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Oscar M. Rudie
Oscar M. Rudie

Oscar M. Rudie

Oscar Rudie entered the U.S. Navy in January 1939. He was initially assigned to the USS Arizona. He transferred to the USS Marblehead, which was attached to the Asiatic fleet, in April 1940.

Machinist Mate 2nd Class Rudie was assigned to the aft engine room of the Marblehead. The Marblehead, along with the other U.S. and Dutch ships in the group, were headed for the Makassar Strait where a Japanese convoy was spotted. The goal of the force was to intercept the convoy.

A group of Japanese aircraft were sighted at about 10:00 a.m. They attacked the Marblehead and the other ships in the fleet. The Marblehead was hit by three bombs. One hit the fantail and destroyed the steering. The second bomb hit forward of the aft of the bridge superstructure starboard side. The third was a near miss on the port bow.

Mr. Rudie was on the main deck forward of the officer's ward room at the forward battle repair. The bomb that hit near the superstructure was the bomb that wounded him. Mr. Rudie remembers being airborne, then he was unconscious. When he came to he realized he had eye injuries. He got up and began making his way up to the bridge area. There was a lot of smoke. He could tell the sun was shining, but he was having trouble seeing anything else. An officer found him and took him aft to see if he could receive medical attention there. They discovered that the sick bay forward had been destroyed. They then went to the aft torpedo workshop where a make-shift medical station had been established.

Mr. Rudie is unsure exactly what injured his eye. It could have been that he suffered a blunt trauma when he was thrown by the bomb blast. Another possibility was paint chips. When a blast hits a ship the paint comes off the bulkhead and becomes shrapnel.

It took two days for the Marblehead to make port. The sailors that were burned were transferred to a hospital train. The rest of the injured, including Mr. Rudie, were placed on trucks and taken to a local hospital. They stayed overnight in the hospital, then the next day were transferred to a hospital in Djokjakarta. Mr. Rudie had, in his words, "A headache that wouldn't quit", and a right eye injury. He was treated at a clinic by a Chinese eye surgeon. They were unable to save his right eye, and it was surgically removed.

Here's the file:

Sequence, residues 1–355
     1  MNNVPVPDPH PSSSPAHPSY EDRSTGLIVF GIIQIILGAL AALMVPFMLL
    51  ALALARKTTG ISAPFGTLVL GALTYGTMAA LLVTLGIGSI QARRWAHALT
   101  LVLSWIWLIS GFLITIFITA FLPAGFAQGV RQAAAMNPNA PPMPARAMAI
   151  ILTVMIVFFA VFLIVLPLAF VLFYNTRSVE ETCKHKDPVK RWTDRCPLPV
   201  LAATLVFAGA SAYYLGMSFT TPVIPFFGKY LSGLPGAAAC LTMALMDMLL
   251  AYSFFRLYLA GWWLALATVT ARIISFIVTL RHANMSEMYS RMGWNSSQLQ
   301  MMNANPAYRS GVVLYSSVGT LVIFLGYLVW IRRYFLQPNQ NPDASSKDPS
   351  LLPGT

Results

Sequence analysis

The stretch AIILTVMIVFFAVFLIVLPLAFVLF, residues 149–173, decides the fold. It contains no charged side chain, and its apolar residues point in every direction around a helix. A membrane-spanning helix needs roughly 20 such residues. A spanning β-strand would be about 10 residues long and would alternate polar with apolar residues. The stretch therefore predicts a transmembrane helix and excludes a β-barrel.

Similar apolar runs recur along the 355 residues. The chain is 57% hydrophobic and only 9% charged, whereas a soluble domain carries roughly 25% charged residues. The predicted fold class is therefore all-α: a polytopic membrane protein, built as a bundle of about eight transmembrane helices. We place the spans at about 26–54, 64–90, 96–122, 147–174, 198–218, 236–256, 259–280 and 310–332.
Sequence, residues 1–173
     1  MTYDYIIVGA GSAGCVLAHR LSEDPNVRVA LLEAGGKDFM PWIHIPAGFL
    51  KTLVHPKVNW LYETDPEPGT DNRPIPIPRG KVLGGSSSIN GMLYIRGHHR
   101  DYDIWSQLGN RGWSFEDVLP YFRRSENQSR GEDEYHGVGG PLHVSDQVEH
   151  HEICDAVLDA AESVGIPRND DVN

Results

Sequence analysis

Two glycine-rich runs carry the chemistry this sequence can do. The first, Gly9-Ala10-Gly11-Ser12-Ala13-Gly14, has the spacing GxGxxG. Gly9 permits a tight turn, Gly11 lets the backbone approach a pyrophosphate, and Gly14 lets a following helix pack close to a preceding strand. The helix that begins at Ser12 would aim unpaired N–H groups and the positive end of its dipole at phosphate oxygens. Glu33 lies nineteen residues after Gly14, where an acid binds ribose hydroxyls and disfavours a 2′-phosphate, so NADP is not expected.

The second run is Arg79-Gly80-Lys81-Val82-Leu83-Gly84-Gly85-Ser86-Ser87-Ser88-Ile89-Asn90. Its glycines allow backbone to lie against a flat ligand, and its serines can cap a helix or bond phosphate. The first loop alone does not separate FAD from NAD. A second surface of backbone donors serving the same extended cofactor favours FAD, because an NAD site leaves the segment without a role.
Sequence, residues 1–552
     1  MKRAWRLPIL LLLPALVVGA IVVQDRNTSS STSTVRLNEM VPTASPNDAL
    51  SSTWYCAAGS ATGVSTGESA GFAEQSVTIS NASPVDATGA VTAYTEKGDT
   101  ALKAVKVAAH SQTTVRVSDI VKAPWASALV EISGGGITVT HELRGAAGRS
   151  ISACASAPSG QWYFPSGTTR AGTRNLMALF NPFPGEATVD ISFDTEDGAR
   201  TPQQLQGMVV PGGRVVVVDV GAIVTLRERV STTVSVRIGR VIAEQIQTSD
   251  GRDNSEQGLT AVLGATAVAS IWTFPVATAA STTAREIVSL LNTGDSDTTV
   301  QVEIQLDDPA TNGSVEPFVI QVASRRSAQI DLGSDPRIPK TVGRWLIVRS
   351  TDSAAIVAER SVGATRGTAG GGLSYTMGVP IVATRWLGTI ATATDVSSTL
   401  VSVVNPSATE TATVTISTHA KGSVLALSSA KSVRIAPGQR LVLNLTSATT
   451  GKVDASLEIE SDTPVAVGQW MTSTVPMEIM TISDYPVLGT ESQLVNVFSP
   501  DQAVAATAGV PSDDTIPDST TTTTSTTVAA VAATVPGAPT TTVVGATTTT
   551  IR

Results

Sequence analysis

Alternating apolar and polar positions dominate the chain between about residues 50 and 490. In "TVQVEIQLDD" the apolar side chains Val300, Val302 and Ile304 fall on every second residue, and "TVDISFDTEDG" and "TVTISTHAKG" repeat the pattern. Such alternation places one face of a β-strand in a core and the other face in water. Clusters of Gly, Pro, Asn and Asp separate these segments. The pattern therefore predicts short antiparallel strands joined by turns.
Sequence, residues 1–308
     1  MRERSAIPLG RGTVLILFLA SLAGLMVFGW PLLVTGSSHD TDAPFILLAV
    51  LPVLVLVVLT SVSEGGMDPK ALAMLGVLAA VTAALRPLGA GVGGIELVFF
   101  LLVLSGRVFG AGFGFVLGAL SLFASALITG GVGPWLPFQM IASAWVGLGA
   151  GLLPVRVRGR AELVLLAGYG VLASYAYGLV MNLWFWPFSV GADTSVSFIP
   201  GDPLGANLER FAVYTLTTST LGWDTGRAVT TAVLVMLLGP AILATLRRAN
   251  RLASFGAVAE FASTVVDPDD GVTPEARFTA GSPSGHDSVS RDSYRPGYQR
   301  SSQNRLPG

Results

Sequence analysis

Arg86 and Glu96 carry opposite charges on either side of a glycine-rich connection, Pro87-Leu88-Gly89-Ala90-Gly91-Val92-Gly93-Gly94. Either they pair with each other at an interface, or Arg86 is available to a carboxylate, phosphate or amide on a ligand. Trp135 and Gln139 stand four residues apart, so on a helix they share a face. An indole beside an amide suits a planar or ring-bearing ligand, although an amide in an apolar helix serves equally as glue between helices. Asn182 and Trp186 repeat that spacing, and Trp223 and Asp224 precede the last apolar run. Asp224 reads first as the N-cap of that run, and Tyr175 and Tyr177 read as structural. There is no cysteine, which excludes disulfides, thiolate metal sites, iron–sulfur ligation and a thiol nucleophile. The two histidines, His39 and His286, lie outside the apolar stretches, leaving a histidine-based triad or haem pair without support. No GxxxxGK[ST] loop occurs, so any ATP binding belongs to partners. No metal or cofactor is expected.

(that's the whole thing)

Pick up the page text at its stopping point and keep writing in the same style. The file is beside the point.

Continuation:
Later they were transported by train to Tjilitjap and to the dock to catch any ship available. The Dutch had set up cots for the wounded in a house. They spent a couple of days in the house awaiting transport. A Dutch freighter came in, and they took those that could walk to meet it to be evacuated. However, the captain refused to take them for concern about what would happen to them if the ship were sunk. They returned to the house to wait for the next opportunity.

A lieutenant tried again to evacuate the sailors. He took the names of those that could walk to see if he could find another ship for them. Two of those whose names he took, including Harold Hunter, could not walk, but they were able to fake the ability to walk so that they could get their names on the list. These men were then transported to the port where they were placed aboard the USS Sturgeon, M.V. Abbekerk (a Dutch freighter) and the USS Pecos, a Navy tanker. Mr. Rudie went aboard the Abbekerk. Two crew members gave up their rooms to Mr. Hunter and the other sailor that couldn't walk. The ships separately left port for Freemantle, Australia.

The next day a Japanese plane circled their ship. It was learned that the USS Langley was under attack at the time. It is believed that this plane was from the group attacking the Langley and was investigating the Abbekerk. This plane left them alone after making one ineffective run on the ship, and the Abbekerk made it to Freemantle.

They spent the night in Freemantle, then were transported by the Australian hospital ship Manunda to Adelaide. From there they took a hospital train to a hospital outside of Melbourne. Later Mr. Rudie was transported to New Zealand and then on to San Francisco.

Mr. Rudie was awarded the Purple Heart for the injuries he sustained on the Marblehead on February 4, 1942.

Mr. Rudie was discharged from the Navy on June 15, 1942. However, he didn't let his wounds interfere with his Navy career. Through the use of contacts he was able to get back into the Navy in November 1942. He was given limited duty as an instructor at a machinist school in San Diego and then on boiler watch in Los Angeles. He was discharged again from the Navy in September 1945, rated Machinist Mate 1st Class.

The above photo of Mr. Rudie was taken in July 1940 in Shanghai, China.

Mr. Rudie passed away on July 26, 2010 at the age of 90.

NOTE: The Webmaster would like to extend his appreciation to Mr. Rudie for all of his time and assistance in providing information for this Web site. It has been greatly appreciated!

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